I also have a great story to tell about locating the F-86D in Medford, Oregon with only 40 flying hours of flight time after a complete airframe and engine maintenance overhaul.  The Medford City Council received the plane for free if they would mount it in a public place as a monument to the Air National Guard. We convinced them it would be easier and less expensive to build a mounting pedestal for the F-86D monument with the 2-ton. engine removed. They agreed and with that discovery we broke the code on how to get a million-dollar, freshly overhauled engine for under a thousand dollars legally. We bought that General Electric J47-GE-33 engine from the Medford City Council for $750 and we removed the engine from the plane with a cherry picker boom hoist we rented for $75 for the day. We then re-assembled the plane and the Medford City Council built the monument and we had a newly overhauled engine for the “Infinity.”

 

I was the head designer for the “Infinity” land speed record car #2, with crucial help from Tom Fukuya and a superb airframe body builder in Seattle. Many airframe builders in Seattle were out of work at the time because of a prolonged business downturn at Boeing. Unemployment was at 17% in the area so we got premier expertise at a bargain price. We built the Infinity airframe with the best airframe builders in the country for $10,000. Romeo again built the Infinity chassis, and I designed the suspension. I also designed the body with help from Tom Fukuya the Boeing airframe builder. The Infinity’s design and construction was funded through “Untouchable” appearance fees from drag strips all over the country in 1960-61. We were running the “Untouchable” jet drag car to fund the construction of the Infinity land speed jet car. We had the only jet-powered drag racer with full afterburner in the country, so we were a big attraction.. We were a one-of-a-kind pre-promoted novelty/spectacle everywhere we appeared for a drag run and the car attracted huge crowds. We go an appearance fee of around $2500 and a portion of each gate. So we made good money—good enough to occasionally rent a private plane to fly several of us to drag venues and back to Seattle to build “Infinity.” We attained mile terminal speeds of near 278 mph in around 6 seconds in Untouchable, a 4800 lb. car with a huge flame behind it as it shot off the starting line. This was a big deal in 1960-61. The dragsters were doing their best at around 160-170 mph in 7 to 8 seconds. Cook and Garlitz were the two big mile champs in that era.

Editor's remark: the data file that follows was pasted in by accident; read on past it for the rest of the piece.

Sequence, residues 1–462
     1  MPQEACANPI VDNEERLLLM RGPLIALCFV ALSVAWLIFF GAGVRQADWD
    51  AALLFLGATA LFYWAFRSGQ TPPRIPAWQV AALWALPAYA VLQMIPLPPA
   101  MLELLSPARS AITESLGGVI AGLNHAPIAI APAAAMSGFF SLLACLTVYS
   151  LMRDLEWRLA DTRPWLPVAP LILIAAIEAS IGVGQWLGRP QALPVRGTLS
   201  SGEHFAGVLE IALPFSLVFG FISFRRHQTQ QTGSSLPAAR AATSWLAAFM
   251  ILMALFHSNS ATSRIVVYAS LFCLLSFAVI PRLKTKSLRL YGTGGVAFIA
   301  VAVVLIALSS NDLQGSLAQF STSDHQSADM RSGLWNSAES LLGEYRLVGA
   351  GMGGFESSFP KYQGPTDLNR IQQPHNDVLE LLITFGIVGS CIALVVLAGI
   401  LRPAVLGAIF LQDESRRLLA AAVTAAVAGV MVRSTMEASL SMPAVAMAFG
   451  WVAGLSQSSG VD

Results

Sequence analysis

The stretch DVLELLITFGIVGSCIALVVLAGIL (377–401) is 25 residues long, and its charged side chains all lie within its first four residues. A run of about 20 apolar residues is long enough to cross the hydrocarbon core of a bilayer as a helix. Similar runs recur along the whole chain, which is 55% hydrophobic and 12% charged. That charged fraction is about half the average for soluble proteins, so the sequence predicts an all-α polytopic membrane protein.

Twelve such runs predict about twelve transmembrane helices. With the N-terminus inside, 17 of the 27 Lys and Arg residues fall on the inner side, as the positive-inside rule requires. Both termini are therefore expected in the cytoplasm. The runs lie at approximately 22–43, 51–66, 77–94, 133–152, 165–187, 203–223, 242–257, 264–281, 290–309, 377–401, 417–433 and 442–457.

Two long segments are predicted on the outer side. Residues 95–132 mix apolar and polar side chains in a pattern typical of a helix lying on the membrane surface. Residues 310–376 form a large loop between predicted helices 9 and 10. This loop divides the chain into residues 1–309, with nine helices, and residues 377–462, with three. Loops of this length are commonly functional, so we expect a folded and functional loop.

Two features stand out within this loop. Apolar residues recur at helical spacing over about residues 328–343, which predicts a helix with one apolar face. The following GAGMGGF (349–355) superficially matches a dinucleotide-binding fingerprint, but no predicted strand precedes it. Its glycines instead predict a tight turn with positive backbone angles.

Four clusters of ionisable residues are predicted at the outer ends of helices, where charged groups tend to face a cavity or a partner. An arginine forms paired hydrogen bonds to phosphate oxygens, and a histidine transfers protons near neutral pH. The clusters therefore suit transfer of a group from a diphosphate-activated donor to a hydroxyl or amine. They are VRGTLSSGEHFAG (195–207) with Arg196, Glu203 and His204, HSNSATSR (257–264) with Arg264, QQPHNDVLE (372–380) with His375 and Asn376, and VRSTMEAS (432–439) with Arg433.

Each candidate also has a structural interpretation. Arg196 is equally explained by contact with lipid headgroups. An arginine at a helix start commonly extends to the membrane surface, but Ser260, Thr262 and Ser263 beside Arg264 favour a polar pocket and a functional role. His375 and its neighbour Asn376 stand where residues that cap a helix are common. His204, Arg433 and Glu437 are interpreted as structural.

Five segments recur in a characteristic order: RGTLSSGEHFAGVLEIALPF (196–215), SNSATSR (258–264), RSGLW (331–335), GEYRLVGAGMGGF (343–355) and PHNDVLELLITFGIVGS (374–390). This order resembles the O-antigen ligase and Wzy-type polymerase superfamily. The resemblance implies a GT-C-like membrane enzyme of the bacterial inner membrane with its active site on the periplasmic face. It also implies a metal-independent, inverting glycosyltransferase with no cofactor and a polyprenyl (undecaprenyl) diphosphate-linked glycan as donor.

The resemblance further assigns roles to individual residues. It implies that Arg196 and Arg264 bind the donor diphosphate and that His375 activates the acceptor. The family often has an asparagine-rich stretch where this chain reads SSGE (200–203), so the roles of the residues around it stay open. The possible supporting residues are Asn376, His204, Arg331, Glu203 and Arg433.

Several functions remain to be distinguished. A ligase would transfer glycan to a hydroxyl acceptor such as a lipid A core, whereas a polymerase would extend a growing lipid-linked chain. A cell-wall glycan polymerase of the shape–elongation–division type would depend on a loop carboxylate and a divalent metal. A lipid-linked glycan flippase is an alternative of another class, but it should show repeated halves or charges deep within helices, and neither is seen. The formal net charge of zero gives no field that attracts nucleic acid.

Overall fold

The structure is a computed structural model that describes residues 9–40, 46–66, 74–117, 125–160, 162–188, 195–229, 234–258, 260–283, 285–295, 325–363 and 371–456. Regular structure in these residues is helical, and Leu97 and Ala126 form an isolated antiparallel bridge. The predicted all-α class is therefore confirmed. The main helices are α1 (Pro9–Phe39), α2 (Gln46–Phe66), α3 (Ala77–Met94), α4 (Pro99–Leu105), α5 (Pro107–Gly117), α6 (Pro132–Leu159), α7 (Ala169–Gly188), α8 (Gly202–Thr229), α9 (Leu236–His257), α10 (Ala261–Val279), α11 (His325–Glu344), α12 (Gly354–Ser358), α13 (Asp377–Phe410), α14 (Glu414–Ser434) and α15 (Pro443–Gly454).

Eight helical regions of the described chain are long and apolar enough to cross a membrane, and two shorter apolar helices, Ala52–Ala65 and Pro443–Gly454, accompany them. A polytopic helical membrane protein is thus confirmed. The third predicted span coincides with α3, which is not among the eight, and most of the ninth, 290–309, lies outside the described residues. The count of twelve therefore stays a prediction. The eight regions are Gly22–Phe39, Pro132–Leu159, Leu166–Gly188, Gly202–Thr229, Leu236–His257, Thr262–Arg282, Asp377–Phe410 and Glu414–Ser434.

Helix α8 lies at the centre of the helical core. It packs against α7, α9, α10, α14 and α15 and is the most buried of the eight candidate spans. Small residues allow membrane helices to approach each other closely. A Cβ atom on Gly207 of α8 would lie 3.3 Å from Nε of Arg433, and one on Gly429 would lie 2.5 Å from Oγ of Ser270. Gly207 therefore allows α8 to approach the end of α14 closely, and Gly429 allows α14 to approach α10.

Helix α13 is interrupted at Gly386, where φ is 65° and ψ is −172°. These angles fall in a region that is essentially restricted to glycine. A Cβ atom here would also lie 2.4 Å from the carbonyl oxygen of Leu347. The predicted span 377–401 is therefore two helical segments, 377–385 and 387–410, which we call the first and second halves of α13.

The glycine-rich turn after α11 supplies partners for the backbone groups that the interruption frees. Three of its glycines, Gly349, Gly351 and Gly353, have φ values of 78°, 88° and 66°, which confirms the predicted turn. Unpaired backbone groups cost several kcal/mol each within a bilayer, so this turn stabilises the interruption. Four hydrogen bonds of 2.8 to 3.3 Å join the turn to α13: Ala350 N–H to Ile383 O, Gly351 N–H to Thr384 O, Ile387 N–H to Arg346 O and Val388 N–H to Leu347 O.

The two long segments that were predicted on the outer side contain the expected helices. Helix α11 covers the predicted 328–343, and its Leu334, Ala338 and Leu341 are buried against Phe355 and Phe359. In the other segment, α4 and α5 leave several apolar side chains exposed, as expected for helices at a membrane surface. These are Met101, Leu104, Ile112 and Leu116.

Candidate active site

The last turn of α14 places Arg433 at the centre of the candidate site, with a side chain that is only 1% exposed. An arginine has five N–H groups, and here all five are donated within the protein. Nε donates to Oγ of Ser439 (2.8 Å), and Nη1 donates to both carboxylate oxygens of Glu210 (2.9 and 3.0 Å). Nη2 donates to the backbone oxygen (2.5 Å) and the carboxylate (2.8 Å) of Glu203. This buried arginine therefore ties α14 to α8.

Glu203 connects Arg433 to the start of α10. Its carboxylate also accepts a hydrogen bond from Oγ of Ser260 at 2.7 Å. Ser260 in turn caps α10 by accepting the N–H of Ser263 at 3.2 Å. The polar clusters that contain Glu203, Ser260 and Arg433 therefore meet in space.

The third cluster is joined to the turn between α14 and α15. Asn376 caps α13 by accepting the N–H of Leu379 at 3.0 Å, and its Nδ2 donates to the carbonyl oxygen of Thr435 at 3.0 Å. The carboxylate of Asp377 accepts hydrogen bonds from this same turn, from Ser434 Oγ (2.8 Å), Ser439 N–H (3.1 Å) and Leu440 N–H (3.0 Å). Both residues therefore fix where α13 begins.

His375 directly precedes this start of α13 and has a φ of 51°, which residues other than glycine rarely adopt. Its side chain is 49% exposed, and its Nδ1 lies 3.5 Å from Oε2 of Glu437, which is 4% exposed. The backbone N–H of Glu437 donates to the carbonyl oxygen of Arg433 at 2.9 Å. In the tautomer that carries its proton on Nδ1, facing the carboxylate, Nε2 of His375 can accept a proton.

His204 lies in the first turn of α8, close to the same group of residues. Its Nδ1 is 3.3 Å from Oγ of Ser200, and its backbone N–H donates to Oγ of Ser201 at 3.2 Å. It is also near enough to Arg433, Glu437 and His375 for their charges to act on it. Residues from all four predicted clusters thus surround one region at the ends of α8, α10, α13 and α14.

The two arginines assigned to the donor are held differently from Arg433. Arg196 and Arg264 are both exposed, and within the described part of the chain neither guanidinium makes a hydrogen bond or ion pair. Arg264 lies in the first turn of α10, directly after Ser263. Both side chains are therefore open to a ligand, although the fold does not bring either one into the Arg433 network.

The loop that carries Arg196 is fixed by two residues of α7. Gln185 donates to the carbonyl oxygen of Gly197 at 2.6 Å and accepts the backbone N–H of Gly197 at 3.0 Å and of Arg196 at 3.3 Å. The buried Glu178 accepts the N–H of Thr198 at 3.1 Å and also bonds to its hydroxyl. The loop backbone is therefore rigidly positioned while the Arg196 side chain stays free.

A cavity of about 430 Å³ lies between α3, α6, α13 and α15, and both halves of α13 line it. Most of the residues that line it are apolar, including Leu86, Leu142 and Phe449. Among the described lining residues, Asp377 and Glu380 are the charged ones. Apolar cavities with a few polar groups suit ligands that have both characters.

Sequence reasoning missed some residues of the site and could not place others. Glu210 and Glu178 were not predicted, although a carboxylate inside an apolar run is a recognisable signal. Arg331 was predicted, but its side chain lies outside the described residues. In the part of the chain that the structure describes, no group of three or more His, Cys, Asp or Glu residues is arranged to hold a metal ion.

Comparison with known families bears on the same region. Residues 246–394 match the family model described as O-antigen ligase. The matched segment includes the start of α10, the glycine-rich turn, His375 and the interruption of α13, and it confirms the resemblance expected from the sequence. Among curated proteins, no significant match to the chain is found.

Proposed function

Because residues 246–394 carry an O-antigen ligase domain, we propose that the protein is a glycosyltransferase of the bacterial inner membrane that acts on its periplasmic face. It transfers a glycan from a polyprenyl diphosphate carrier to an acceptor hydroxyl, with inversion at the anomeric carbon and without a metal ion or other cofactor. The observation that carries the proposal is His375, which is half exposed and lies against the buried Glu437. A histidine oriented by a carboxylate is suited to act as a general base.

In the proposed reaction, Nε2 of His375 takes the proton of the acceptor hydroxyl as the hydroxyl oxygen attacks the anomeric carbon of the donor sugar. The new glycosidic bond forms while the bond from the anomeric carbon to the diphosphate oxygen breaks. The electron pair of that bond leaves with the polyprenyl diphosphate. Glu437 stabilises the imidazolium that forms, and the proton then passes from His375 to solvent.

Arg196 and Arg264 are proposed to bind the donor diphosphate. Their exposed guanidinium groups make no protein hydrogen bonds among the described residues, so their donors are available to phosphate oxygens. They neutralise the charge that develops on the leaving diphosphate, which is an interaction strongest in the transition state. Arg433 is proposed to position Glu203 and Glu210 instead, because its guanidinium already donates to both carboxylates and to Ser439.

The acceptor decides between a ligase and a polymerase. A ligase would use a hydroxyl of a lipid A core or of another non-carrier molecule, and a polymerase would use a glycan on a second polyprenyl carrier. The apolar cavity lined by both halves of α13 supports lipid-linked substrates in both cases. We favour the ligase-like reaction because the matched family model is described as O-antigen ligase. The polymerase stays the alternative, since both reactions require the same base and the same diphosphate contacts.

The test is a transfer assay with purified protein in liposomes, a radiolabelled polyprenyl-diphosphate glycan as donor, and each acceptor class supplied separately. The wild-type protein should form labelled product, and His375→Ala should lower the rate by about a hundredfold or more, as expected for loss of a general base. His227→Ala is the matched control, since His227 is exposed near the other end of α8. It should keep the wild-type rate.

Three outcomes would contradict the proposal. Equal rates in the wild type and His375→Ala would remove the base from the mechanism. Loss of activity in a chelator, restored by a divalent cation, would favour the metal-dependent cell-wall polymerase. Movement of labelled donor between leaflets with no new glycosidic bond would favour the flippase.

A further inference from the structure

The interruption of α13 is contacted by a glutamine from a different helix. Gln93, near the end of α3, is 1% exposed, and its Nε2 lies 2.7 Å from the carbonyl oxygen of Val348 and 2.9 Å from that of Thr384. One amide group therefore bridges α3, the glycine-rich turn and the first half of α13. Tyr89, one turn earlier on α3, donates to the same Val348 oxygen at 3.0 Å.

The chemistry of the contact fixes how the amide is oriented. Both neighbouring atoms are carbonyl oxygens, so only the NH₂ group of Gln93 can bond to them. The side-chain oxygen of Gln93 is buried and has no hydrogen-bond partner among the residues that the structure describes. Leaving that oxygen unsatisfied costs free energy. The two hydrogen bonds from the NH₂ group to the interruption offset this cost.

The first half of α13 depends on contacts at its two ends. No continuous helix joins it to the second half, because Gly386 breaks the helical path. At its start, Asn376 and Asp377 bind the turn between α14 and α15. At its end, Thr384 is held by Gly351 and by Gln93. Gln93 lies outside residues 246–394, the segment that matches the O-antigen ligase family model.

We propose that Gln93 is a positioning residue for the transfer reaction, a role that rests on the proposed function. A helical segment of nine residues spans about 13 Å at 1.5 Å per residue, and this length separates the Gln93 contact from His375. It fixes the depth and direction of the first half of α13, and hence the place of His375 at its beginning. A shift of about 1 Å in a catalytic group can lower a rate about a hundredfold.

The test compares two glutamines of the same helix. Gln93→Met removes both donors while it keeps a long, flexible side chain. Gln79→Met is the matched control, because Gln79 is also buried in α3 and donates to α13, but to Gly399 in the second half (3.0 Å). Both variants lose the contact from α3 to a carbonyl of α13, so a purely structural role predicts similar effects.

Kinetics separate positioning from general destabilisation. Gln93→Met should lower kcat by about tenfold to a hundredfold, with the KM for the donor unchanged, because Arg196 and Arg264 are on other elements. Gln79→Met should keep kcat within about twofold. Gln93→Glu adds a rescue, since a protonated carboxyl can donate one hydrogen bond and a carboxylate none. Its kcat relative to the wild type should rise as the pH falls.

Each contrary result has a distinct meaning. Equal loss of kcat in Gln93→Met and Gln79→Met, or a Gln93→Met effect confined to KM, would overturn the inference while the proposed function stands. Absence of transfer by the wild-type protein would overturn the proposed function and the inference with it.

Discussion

I worked for Hubbard Racing Cams as well as the Lawrence Berkeley Laboratory during this period. I built race cars, race engines for Hubbard and designed instrumentation and measurement systems for high-energy physics experiment at the Lawrence Berkeley Laboratory. I was an electronics engineer/machinist/mechanic and loved conceiving and developing ideas into a practical working real physics experimental device, car or product.

 

I have about 20 8mm movies showing drag car runs of the “Untouchable” at various California and Washington State drag race venues. I also have movies from a camera mounted in the cockpit of the Untouchable showing gauges reading out turbine engine temperature, turbine engine RPM, car speed and also car accelerometer readout. I still have the camera and the mount I made for it and a spare accelerometer of the type I used to measure the acceleration G-forces as the car moved down the track. I need to carefully convert them to DVD movies but have had no time or funding to do so.

 

I have two or three movies, 8mm and 16mm movies, of several runs of the “Infinity,” and somewhere I have the design drawings for the car. And I can tell you about our design approach and the lack of a tail fin. Not unlike others at the time.